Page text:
Home Server Upgrade - Lessons Learned - Converting Live RAID and Resizing Encrypted Partitions


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Gerowen

So I just finished upgrading the storage in my home server and I learned a few lessons that I thought I would share with you guys, so that hopefully some of you might find it useful at a later date.  I recorded a lot of it and plan on writing it up in a blog and making a YouTube video about it.  If/when I do, I'll edit this post with links to those items.

 

First off, my server is running Debian 10 Linux in a headless state; no GUI installed, which means 99% of my management is done via SSH unless there's some kind of a problem that prevents it from booting so that I have to physically go connect a monitor to it, so everything I did was done via the command line.  It "was" using two 12TB WD Gold drives in Linux software RAID 1 (mdadm).  I created a partition with a specific sector count on each of those drives about 1GB less than the total capacity of the drives, and then added that partition as the RAID member.  That way if I ever replaced a drive with one of a different model and the capacities were "slightly" off, it wouldn't be an issue.  When creating the actual data partition on the RAID device, I encrypted the partition so that if I ever had to RMA a drive, nobody would be able to retrieve sensitive or personal information from the drive at a later date, especially since RAID 1 has a complete copy of everything on both drives, so one drive is enough to recover everything.  The partition didn't used to be encrypted until I had my first drive failure and realized I was about to ship a drive with lots of personal files through the US Postal Service, and that in all likelihood they would refurbish the drive and resell it with the same platters inside since I'm pretty sure it was just the read head that died.  I managed to get the drive working long enough to run shred on it for about 90% of the drive (which was fine because it wasn't 90% full) before shipping it off, but after that I decided to encrypt the partition.

 

We started approaching the 12TB limit recently, and I decided that the easiest course of action would be to buy one additional drive and switch to RAID 5; which would double our storage capacity to 24TB and still allow us to lose one drive without losing any data.  I have a separate off-site backup drive, so we're talking strictly about what's physically inside the server.  My only concern was, I really didn't want to delete my RAID group and re-make it if I didn't have to.  I have the backup, but it would have taken over 24 hours to restore from the backup since it's a USB external drive; and that would have left us without Nextcloud and Plex for that entire time (I make heavy use of Nextcloud and my kids and nieces/nephews love Plex), plus that would mean that until it was finished, I would only have one complete copy of my data, and I'd just have to hope my backup drive didn't die during the restoration.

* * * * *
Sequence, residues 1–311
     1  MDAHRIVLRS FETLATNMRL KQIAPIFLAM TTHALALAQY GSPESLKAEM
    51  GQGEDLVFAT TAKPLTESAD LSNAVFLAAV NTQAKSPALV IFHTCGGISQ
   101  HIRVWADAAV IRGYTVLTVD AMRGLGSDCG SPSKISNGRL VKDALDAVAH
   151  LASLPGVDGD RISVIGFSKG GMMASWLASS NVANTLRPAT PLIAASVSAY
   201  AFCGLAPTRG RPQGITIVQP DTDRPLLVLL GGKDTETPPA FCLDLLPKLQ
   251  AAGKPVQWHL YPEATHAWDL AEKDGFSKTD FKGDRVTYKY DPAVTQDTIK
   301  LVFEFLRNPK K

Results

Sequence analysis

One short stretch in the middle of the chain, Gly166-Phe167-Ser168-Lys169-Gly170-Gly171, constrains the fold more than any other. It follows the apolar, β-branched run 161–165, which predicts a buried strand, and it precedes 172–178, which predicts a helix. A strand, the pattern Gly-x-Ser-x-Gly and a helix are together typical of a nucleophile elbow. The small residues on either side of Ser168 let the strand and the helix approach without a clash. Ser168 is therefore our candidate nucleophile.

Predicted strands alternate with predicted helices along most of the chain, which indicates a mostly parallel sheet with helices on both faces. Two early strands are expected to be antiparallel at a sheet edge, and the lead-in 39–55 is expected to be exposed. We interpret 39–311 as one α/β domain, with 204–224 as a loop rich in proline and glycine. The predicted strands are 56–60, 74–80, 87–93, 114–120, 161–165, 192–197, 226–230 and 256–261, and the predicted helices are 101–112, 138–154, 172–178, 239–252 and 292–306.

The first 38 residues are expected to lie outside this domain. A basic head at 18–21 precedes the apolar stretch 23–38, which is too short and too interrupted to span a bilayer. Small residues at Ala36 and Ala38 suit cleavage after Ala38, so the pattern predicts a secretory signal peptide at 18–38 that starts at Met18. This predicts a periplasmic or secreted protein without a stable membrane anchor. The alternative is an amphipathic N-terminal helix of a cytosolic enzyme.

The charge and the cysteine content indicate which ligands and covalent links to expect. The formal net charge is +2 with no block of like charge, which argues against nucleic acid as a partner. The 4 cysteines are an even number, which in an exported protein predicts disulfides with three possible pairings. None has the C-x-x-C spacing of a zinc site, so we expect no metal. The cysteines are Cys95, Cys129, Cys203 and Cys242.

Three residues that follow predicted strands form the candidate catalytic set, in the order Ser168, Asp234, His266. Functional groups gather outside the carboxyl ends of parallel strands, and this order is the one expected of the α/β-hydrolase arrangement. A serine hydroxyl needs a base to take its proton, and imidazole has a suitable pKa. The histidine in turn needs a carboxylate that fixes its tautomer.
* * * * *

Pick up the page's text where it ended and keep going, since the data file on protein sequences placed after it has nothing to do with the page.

As it turns out, if you're using Linux software RAID (mdadm), a two disk RAID 1 can be directly converted to a degraded two disk RAID 5, at which point you just add the third disk so that it's no longer in a degraded state.  All you have to do is run:

mdadm /dev/mdfoo --grow --level=5

mdadm --grow /dev/mdfoo --add /dev/foo --raid-devices=3

 

The cool thing about this was that even though the reshape took almost two days, my data was accessible during that time, so we were still able to continue using the various services on the server.  On top of that, once it was done, it automatically grew the array as a whole to the proper new size of 24TB, although I had read that in some cases you might need to do that part manually.  The server obviously runs on an UPS, so if there had been a power outage or flicker during the process, it wouldn't have bothered anything.  I even rebooted the server once during the reshaping process and it just picked up where it left off once it was back up and running.

 

My next issue was that, even after the many hours it took to reshape the array into a proper RAID 5 that spanned all three disks, the actual data partition on it was still only 12TB.  The partition was encrypted, so my next task was to resize that partition to take advantage of the increased capacity of the RAID pool.

 

After doing some reading and experimenting in a VM, I discovered that once the reshape was done, all I had to do was unmount and luksClose the encrypted partition, then unlock it again with luksOpen, and LUKS automatically extended the LUKS device to fill the new capacity of the RAID array.  Then I just had to do a filesystem check on the data partition with:

e2fsck -f /dev/mapper/somedrive

 

Then resize the partition with:

resize2fs /dev/mapper/somedrive

 

Resizing the partition itself only took a couple of minutes.

 

So what I've learned from all this is that, if you don't care to do some reading, Linux disk management via the terminal is incredibly powerful and flexible.  I was able to convert a software RAID 1 directly to a software RAID 5, and then resize an encrypted partition on that RAID 5 group, all without losing any data.  Obviously I updated my backup drive before starting the process, just in case.  I'm just incredibly grateful that it all went off without a hitch, which isn't always the case when it comes to technology, so I thought I would share my little learning experience in case it helps or entertains some of you.

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Edited by Gerowen
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